From The Write Practice:
Interviews are far more than a tool for a hiring process. For writers, interviews produce ideas, voice, and more. But in an interview, you want to have a conversation, not an interrogation. A good interviewer makes their interviewee comfortable.
Going back to your list of interview questions all the time can rattle the person you’re interviewing. Your interview shouldn’t be something the person could have answered via email. The questions should prompt a conversation that extends beyond the prepared questions.
So how do you get your interviewee comfortable? How do you prep questions that prompt conversations?
I love this story from Porter Anderson:
I interviewed Cokie Roberts (the Emmy-winning journalist) once for a magazine. I asked her about all the needlepoint she had in her office. She grabbed a piece she was working on, a duck, and worked on it as we chatted. We found out her favorite vacation spot wasn’t far from my home sea island off the South Carolina coast.
Your ability to be present, to keep your nose out of your notebook, will make your interviews shine with life.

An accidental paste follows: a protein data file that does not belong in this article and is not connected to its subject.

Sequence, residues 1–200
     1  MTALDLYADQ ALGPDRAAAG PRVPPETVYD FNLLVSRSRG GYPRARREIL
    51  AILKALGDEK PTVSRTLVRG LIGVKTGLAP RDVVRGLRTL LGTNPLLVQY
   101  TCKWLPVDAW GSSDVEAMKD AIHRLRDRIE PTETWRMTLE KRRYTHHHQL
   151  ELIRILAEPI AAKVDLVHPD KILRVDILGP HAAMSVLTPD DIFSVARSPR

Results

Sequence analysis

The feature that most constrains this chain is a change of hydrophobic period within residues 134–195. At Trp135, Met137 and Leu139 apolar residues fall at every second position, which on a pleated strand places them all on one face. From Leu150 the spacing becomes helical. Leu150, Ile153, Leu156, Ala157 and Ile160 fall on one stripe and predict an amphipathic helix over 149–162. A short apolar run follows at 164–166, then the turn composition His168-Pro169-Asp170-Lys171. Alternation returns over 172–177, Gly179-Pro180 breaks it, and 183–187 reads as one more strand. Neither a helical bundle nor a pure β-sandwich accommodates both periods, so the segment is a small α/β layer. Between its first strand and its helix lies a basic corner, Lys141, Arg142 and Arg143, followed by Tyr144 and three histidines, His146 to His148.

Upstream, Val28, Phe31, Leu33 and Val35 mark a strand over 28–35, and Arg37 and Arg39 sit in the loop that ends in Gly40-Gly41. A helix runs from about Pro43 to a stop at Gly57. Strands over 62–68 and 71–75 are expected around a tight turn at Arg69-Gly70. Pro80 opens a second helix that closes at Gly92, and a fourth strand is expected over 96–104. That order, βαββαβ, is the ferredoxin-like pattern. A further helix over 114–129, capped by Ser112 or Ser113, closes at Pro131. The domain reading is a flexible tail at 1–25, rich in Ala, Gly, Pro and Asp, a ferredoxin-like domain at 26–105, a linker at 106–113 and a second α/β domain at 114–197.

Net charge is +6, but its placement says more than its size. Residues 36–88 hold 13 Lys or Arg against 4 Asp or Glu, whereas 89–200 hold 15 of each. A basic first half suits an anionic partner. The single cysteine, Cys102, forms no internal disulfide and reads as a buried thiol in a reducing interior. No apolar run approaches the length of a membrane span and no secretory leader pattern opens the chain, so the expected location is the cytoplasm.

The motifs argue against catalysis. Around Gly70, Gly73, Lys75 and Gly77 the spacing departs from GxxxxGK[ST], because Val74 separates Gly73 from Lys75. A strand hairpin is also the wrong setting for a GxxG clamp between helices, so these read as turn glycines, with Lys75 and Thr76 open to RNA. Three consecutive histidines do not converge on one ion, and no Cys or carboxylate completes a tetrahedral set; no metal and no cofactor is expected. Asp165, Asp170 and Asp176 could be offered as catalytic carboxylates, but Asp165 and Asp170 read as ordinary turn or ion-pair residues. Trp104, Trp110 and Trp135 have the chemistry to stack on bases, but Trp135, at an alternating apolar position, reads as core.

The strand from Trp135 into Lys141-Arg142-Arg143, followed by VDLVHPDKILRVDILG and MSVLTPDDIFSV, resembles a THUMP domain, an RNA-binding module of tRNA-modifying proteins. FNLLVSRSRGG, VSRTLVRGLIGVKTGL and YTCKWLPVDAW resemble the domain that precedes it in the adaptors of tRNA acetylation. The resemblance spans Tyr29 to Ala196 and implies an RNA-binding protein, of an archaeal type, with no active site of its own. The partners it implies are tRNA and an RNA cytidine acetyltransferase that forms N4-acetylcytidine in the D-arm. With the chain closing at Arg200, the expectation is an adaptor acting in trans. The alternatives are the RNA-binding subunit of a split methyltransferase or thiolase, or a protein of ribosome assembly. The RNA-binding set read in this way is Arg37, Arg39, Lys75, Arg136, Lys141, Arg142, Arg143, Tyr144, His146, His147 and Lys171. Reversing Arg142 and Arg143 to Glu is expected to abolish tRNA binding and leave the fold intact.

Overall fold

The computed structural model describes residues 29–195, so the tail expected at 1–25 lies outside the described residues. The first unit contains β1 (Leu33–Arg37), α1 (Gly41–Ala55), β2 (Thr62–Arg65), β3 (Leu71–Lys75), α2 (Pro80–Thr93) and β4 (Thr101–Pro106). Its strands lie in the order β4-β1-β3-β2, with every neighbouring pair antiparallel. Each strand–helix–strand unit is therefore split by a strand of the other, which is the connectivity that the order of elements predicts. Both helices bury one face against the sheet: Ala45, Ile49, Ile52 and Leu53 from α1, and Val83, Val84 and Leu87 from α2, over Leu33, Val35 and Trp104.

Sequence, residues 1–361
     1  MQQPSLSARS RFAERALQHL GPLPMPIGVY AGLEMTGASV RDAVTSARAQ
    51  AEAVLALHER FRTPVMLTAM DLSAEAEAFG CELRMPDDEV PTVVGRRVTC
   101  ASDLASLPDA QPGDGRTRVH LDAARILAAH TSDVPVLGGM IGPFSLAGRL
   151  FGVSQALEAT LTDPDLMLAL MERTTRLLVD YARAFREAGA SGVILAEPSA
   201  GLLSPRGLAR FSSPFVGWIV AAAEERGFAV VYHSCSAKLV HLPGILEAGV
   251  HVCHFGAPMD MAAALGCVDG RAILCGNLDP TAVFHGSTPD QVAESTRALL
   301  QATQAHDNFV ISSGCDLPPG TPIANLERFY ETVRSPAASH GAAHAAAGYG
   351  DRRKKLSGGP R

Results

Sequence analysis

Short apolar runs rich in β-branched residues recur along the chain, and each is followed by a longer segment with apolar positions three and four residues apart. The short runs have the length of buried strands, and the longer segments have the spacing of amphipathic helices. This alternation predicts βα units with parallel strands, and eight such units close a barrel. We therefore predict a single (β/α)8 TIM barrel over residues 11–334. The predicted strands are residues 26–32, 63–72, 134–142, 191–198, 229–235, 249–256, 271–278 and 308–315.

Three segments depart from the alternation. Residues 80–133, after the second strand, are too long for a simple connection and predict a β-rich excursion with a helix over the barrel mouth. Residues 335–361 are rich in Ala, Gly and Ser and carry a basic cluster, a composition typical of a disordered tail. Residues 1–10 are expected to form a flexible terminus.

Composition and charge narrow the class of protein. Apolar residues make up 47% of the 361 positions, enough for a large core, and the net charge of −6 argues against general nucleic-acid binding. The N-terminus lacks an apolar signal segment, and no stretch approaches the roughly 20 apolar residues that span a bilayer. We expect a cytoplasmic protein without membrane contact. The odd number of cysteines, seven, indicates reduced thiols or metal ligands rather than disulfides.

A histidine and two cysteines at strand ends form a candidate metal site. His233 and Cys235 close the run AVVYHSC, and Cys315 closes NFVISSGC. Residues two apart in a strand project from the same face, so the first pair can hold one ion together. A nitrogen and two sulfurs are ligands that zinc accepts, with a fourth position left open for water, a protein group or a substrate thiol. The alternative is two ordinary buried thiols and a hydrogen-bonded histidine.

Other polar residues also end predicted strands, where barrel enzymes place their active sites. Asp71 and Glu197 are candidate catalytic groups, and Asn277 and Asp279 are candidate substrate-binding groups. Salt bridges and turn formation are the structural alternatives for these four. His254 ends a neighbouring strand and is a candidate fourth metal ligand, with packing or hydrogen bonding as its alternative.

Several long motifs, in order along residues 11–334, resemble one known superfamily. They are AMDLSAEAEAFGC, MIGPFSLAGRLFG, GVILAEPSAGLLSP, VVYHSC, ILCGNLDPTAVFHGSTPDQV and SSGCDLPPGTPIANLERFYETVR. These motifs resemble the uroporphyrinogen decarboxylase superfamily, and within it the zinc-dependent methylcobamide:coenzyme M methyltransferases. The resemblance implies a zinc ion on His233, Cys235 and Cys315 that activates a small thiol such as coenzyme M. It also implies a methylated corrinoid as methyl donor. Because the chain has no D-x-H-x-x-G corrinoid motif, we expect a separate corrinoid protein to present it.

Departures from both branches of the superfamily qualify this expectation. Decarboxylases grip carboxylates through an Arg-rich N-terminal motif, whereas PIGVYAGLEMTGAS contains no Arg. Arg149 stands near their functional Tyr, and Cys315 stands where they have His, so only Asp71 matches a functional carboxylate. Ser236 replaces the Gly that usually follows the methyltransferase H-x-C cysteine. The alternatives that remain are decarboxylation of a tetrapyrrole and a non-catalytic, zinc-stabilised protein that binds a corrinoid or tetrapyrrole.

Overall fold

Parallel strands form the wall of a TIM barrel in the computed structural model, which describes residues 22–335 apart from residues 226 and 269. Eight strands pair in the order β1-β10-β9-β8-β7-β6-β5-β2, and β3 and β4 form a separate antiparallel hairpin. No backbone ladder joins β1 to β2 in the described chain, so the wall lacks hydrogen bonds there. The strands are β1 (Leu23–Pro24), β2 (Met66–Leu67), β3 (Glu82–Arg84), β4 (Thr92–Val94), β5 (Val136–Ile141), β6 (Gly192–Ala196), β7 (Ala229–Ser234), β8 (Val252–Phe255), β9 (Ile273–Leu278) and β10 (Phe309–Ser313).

To be more present, I always write out about a dozen questions before going into a face-to-face or phone interview. President Eisenhower said, “In preparing for battle I have always found that plans are useless, but planning is indispensable.”
Your questions are your battle plans. You might not use all of them, but they prepare your mind for the task ahead and set you up for a more effective conversation.
. . . .
1. Ask about the person’s actions.
“It depends on the person, but usually I ask them about their specific habits and practices,” says Jeff Goins. “I’m less interested in what they would write in a book and more interested in how they try to apply the ideals they write or speak about.”
Jeff is trying to get under a person’s rhetoric to see the routines they’ve cultivated to be successful. If you can get people to describe their actions rather than their beliefs about themselves, you’ll see a clearer picture of them, one unmarred by slogans.
2. Ask “forward” questions.
“Never ask, ‘What keeps you up at night?’ Ask ‘What’s going to keep you up tonight after this interview?’” says Porter.
“The past, unless your interviewee is relatively unknown, is research-able. Keep in mind that as much as we all may like our laurels, resting on them is never as interesting as diving off them into a new pool. The reminiscence interview is never as cool as it sounds.”
“The ‘What’s the best part of the next thing you’re doing?’ question will engage your subject’s current, forward-looking energy. You get a more excited interviewee, who wants to tell you what she or he is into.”
Asking about a future position or prospect lets your interviewee know you’re interested in more than what they’ve accomplished in the past.
Link to the rest at The Write Practice